Tennyson Delivers Skyfall’s British Bulldog Moment

To strive, to seek, to find, and not to yield.

In her 7th and final role playing “M” in Skyfall – the latest in a series of 23 James Bond movies produced over the past 50 years – Dame Judi Dench appears before Britain’s Intelligence and Security Committee to defend her record as head of MI6 – the government agency which supplies Her Majesty’s Government with foreign intelligence.

Under pressure to explain breaches in MI6’s internal security, the 007 matriarch waxes poetic, quoting a few lines from one of her late husband’s favorite poems:

“…We are not now that strength which in old days
Moved earth and heaven, that which we are, we are;
One equal temper of heroic hearts,
Made weak by time and fate, but strong in will
To strive, to seek, to find, and not to yield.”

Students of the late Professor Arthur R. Reil, Jr.’s English Lit course at Fairfield University – having memorized all 70 lines of that particular poem (as well as several odes and sonnets) – recognized Dench’s reading immediately as Ulysses, written by Lord Alfred Tennyson in 1833.

Some Cliff Notes for Biology majors: Ulysses is the ancient warrior hero of Homer’s Odyssey. British poet Tennyson envisions Ulysses speaking this narrative after having returned from the Trojan War to Ithaca, the kingdom he rules. Before he leaves Ithaca to embark on his final voyage, Ulysses describes his boredom with domestic life and fear of old age, longing for a return to his lifelong quest for adventure and knowledge.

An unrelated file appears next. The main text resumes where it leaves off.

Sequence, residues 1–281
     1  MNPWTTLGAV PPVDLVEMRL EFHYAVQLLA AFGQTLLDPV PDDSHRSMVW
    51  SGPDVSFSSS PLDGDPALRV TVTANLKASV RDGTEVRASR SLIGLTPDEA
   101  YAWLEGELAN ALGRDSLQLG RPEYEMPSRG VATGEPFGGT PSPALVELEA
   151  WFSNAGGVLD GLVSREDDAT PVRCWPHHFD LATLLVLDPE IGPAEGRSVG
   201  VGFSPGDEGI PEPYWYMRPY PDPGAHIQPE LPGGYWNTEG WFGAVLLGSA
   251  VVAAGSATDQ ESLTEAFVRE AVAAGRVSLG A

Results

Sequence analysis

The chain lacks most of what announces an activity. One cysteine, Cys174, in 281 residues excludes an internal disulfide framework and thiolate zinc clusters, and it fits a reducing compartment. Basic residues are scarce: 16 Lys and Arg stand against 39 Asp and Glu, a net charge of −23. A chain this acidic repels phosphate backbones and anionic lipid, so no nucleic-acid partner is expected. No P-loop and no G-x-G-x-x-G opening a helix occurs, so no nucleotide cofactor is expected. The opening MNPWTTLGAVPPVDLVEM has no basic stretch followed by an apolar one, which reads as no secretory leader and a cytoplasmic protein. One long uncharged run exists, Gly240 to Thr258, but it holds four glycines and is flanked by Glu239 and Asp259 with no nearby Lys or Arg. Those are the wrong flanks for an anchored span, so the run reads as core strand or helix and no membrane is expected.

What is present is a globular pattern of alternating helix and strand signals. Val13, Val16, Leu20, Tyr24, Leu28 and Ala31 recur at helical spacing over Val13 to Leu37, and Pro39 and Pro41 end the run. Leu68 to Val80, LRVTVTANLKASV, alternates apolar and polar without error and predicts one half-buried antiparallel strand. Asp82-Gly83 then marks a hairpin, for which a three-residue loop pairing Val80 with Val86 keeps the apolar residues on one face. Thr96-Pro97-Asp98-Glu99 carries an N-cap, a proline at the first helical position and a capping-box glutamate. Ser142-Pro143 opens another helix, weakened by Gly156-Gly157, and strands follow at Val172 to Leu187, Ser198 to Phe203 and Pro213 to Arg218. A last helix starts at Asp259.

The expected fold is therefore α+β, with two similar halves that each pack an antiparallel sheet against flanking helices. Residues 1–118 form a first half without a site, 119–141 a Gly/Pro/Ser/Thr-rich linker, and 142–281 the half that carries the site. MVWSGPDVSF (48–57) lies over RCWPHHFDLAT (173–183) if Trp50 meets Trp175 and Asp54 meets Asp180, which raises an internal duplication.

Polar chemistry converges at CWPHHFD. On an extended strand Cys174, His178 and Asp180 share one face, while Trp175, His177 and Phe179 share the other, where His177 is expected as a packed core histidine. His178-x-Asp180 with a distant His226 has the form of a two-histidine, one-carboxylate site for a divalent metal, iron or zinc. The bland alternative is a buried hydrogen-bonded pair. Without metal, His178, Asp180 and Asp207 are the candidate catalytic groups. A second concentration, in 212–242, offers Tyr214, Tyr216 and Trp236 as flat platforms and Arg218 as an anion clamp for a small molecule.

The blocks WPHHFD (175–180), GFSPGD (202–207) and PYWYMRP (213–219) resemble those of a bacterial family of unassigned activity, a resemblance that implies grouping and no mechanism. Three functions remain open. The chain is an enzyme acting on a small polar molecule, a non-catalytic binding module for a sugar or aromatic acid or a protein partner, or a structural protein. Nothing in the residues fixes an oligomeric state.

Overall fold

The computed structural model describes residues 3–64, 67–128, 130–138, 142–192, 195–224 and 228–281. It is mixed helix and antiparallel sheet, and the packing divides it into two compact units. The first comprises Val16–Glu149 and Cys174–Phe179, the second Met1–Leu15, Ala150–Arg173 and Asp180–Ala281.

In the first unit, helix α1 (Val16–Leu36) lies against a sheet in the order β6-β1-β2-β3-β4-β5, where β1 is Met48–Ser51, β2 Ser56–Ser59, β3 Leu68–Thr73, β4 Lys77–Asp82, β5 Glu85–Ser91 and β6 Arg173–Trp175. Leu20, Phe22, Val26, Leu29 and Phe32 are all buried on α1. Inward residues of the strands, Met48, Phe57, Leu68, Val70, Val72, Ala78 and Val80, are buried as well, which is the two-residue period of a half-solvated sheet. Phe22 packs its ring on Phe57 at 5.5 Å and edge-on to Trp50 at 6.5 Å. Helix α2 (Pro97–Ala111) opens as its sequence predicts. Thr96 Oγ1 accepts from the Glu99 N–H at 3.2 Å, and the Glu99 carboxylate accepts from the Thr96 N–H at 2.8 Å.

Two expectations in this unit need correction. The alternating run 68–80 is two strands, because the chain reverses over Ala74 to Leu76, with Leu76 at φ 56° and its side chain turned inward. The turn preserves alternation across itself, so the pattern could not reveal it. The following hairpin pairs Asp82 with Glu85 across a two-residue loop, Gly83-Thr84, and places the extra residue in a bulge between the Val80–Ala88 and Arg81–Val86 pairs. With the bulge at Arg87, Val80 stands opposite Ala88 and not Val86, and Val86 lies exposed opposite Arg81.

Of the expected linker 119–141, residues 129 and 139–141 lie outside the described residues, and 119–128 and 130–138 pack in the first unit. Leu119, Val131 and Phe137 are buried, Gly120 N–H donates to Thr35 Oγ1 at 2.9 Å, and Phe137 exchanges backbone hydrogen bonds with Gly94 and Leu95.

Lord Tennyson was Poet Laureate of the United Kingdom during much of Queen Victoria’s reign and remains one of Great Britain’s most popular poets. But when Tennyson wrote Ulysses, he was living in cramped quarters with his mother and nine of his ten siblings, with little income and in failing health. The poem was written shortly after, and influenced by the death of his close friend, the poet Arthur Henry Hallam (1811–1833), who was engaged to Tennyson’s sister Emily. The parallels between the plight of Ulysses and Tennyson’s personal circumstances continue to be the focus of countless, thoroughly boring Ph.D. dissertations.

Although it has been the subject of sniping since the film’s release, the Skyfall screenwriters’ rationale to interrupt their action movie with a brief poetry reading was very clear, and in my view, displayed noteworthy cinematic craftsmanship by providing the “British Bulldog Moment” that’s an essential element in every James Bond installment.  (For movie-goers who miss the point of the poem, Skyfall’s screenwriters provide a Union-Jacketed, Royal Doulton ceramic bulldog that “M” bequeaths to 007.)

What’s far less clear – some 40 years after Professor Reil forced me to memorize Ulysses – is how I can still remember and recite verbatim at least the first 10 lines of that epic poem (and up to 15 lines, after downing 3 Guinness stouts)…but I can never remember a new name or phone number for more than 30 seconds unless I write it down.